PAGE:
Engaged employees are considerably more productive than their disengaged peers. That being the case, you’d think that every organization would develop programs solely to increase engagement.
You’d be wrong.
As Gallup reports, only 32% of US workers are engaged with their jobs. For organizations that wish to continue growing, this is a very serious problem.
Whether you’re a self-proclaimed expert or it’s your first time studying up on the topic, here are five things you may not know about employee engagement:
You may be tempted to treat employee engagement as a one-size-fits-all kind of issue. But your employees are all motivated by different things. Someone might love the ability to work from home and make their own schedule, while someone else might be engaged by your company’s commitment to the community. Yet another person might be engaged because they are able to bring their dog to the office once a week. Different strokes for different folks.
The easiest way to create an employee engagement program that works for your team is by soliciting their ideas and feedback directly. Pulsing surveys provide the perfect platform to do precisely that.
Many companies with engagement programs pour lots of money into them. There’s Full Contact, for example, which pays its workers $7,500 to take paid vacations with the caveat being they have to travel somewhere and they can’t do any work whatsoever. (Yes, you read that correctly. They pay $7,500 on top of the employee’s normal salary.)
Of course, not every company can afford to fork over that much cash. But that doesn’t mean you need to keep the purse completely closed either. Stop thinking about engagement as an expense and start thinking about it as an investment. Engagement programs help your employees become better workers who are more committed to the company — and therefore produce (and care) more.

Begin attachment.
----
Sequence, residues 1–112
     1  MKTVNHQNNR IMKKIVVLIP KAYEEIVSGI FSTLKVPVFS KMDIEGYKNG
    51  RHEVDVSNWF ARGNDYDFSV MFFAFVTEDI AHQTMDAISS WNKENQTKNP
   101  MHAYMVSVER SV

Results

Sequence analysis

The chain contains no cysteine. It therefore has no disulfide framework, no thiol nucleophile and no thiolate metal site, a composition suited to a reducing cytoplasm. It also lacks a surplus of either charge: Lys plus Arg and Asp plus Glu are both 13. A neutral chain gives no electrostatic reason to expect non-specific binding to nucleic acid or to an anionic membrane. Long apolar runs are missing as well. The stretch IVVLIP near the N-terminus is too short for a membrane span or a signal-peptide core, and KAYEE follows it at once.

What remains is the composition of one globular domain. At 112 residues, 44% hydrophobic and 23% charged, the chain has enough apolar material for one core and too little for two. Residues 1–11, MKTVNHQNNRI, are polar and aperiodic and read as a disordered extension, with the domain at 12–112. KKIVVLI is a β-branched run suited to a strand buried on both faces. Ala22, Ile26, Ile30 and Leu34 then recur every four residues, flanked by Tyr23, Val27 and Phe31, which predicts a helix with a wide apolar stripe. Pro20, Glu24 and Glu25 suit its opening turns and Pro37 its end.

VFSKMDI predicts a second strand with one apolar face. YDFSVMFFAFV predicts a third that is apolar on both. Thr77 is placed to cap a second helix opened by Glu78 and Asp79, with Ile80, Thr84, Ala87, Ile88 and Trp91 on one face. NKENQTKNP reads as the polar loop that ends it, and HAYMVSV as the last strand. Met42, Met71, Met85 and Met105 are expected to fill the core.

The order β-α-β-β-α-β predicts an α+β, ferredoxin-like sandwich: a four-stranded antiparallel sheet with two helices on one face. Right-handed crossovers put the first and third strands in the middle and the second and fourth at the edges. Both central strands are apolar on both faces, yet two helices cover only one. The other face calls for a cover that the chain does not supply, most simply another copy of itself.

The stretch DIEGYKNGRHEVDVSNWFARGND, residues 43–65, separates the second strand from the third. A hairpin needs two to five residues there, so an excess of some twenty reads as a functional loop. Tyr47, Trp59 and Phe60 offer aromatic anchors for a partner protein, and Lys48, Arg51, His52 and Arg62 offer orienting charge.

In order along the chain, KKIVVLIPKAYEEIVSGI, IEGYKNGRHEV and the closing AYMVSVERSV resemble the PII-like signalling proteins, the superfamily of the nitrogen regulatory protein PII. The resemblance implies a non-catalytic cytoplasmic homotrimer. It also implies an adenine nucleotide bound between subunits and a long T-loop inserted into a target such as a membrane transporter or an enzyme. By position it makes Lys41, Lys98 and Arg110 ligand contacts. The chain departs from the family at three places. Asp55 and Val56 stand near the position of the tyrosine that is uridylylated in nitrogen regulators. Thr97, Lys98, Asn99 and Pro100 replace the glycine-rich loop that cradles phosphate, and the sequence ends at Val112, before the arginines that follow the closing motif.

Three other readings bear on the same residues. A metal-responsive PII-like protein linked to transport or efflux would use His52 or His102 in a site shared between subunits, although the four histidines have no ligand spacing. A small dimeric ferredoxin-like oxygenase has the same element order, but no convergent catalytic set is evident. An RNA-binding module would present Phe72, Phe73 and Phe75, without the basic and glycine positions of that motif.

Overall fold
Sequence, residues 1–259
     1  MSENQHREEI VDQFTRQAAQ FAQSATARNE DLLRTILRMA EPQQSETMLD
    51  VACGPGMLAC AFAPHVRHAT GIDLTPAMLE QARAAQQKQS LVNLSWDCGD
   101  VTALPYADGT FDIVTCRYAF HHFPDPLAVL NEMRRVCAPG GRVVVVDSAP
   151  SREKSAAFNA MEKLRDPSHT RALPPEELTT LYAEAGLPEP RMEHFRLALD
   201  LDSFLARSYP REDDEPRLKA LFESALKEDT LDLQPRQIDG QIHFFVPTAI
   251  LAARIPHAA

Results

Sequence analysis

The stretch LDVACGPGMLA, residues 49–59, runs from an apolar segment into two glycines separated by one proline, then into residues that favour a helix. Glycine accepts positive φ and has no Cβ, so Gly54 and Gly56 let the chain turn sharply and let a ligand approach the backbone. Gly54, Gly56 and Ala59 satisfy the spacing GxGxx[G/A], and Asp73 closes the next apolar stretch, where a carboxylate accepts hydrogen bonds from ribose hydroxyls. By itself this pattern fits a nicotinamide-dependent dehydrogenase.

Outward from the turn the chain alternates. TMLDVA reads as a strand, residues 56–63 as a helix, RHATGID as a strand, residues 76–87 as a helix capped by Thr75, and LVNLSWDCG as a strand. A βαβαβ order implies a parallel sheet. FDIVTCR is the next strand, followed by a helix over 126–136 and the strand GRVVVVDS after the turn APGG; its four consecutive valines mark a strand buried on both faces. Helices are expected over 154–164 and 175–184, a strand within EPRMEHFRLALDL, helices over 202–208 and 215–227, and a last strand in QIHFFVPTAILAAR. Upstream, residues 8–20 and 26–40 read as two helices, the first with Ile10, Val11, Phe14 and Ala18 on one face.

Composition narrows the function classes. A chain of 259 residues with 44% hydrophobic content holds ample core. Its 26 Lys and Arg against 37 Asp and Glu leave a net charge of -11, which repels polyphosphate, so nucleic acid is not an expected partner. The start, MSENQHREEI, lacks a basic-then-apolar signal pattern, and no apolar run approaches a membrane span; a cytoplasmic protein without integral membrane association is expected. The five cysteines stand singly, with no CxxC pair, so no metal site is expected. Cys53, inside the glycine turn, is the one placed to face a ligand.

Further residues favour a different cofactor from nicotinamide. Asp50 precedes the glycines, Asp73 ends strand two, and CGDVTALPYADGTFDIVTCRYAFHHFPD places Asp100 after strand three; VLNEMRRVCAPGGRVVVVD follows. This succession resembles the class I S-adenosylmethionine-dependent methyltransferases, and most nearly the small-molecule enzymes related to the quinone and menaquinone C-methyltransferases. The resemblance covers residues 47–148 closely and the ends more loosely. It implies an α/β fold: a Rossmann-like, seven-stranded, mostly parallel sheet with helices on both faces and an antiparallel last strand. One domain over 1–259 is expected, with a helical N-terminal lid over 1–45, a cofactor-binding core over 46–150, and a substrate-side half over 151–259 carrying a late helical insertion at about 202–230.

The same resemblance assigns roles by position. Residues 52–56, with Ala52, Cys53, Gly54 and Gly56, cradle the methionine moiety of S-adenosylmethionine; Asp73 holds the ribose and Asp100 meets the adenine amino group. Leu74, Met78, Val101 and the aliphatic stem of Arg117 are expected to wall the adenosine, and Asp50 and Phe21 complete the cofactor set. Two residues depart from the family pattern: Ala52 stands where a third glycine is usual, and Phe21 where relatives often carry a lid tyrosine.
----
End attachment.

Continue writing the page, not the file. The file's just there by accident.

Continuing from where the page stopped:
You’ve almost certainly had a job you didn’t like at some point in your life. After a while, you were ready to hop on the very next opportunity that came your way — even if you weren’t particularly interested in it — just for a change of scenery. When employees are engaged, on the other hand, they love the work they do, which means they’re much likelier to stick around. That’s important, if for no other reason than it costs a lot of money to hire new workers.
It’s not possible for an unhappy employee to be engaged with their work. But that doesn’t mean that happy employees are definitely engaged either. Just think about the worker who treats the office as a place to socialize. Or the employee who makes a game out of doing the least work possible while still keeping their job. Yes, you should strive to create an environment that’s conducive to employee happiness. But you need to be aware of the fact that happy employees are not necessarily engaged.
Yes, it’s called “employee engagement.” But managers are employees too — never forget that. According to Gallup, only 35% of managers are engaged with the work they do. Gallup has also reported that managers are responsible for 70% of the variance in employee engagement. When managers are engaged, their employees are much likelier to follow suit. When designing your employee engagement program, don’t forget about your managers. Support their development and ask them what would make their jobs better too.